A backlog in England of nearly half a million endoscopy procedures has built up during the Covid-19 pandemic, according to a new analysis of NHS England data from University College London (UCL).
The study, published in The Lancet Gastroenterology and Hepatology, shows that the number of endoscopies performed in England in April 2020, the month following the first lockdown, fell by over 90%.
To estimate the potential backlog, UCL researchers compared the number of colonoscopies, flexible sigmoidoscopies and gastroscopies performed every month from 1 January 2018 to 31 October 2020 in 125 different NHS England trusts.
The researchers concluded that even if endoscopy procedures fully returned to their usual pre-pandemic monthly totals in November 2020, the January 2021 backlog would still be 476,000.
This figure could potentially rise to over 870,000 should there be a further full or partial lockdown or slow relaxing of restrictions.
A further two-month interruption would add an extra 15.4% to the backlog total, a four-month interruption would add an extra 43.8%, and a six-month interruption would add an extra 82.5% to the potential backlog.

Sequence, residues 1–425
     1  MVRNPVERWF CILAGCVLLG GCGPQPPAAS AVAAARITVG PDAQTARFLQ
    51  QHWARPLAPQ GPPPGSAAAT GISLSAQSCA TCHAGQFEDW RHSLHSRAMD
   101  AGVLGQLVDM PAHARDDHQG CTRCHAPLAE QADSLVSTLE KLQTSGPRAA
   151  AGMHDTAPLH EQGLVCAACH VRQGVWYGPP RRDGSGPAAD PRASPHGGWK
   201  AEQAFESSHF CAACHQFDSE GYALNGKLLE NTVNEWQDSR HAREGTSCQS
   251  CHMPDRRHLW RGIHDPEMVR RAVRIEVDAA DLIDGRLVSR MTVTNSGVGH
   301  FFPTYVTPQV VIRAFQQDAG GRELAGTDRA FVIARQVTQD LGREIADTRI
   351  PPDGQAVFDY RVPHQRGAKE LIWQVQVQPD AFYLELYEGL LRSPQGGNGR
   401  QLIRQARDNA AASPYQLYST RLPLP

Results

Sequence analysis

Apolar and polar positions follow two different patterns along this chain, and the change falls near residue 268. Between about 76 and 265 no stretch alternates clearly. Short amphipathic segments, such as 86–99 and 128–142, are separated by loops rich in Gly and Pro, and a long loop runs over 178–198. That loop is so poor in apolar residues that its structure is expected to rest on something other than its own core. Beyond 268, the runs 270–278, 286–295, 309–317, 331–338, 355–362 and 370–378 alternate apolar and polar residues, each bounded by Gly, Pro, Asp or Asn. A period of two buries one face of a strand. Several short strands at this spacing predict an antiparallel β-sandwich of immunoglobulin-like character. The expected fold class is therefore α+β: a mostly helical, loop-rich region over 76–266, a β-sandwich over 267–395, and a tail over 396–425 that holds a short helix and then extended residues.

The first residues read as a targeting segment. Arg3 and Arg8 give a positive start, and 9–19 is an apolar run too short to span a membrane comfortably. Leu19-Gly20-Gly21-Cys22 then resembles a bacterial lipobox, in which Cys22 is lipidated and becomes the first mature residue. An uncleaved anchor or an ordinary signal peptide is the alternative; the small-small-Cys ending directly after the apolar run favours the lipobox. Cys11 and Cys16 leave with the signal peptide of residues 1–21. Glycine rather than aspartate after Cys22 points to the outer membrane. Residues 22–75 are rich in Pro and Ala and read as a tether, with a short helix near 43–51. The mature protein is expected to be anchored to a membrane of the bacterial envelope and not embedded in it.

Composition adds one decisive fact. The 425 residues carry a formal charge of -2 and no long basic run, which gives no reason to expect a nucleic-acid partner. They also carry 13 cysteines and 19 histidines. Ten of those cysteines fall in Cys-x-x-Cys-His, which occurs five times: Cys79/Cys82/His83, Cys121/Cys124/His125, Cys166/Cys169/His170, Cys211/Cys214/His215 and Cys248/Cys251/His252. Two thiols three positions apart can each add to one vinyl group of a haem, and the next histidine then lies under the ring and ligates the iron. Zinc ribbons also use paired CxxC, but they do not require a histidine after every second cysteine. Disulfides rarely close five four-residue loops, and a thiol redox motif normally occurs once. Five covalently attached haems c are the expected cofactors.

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The researchers then modelled the backlog from January 2021 to January 2023, estimating the backlog recovery at 90% of capacity through to 130%.
The study estimated that procedures would need to be performed at 130% capacity to clear the backlog by January 2023.
Clinicians are now calling on the UK government and NHS to implement a mitigation plan to prioritise patients in urgent need of an endoscopy to help reduce the health consequences of the delays.
UCL Division of Surgery and Interventional Science Professor Laurence Lovat said: “Our study highlights the scale the Covid-19 pandemic has had on endoscopic services on the NHS in England. Even with mitigation measures, such as FIT [fecal immunochemical test] triaging, it could take much longer than a year to eliminate the pandemic-related backlog.
“Urgent action is required by key stakeholders, including individual NHS trusts, Clinical Commissioning Groups, British Society of Gastroenterology, and NHS England, to tackle the backlog and prevent delays to patient management.”
Gastrointestinal cancers, which are routinely diagnosed via endoscopy, remain some of the UK’s most prevalent and deadly forms of cancer.
Bowel cancer is the second-biggest cancer killer in the UK, while oesophageal cancer comes in 7th and stomach cancer is 15th.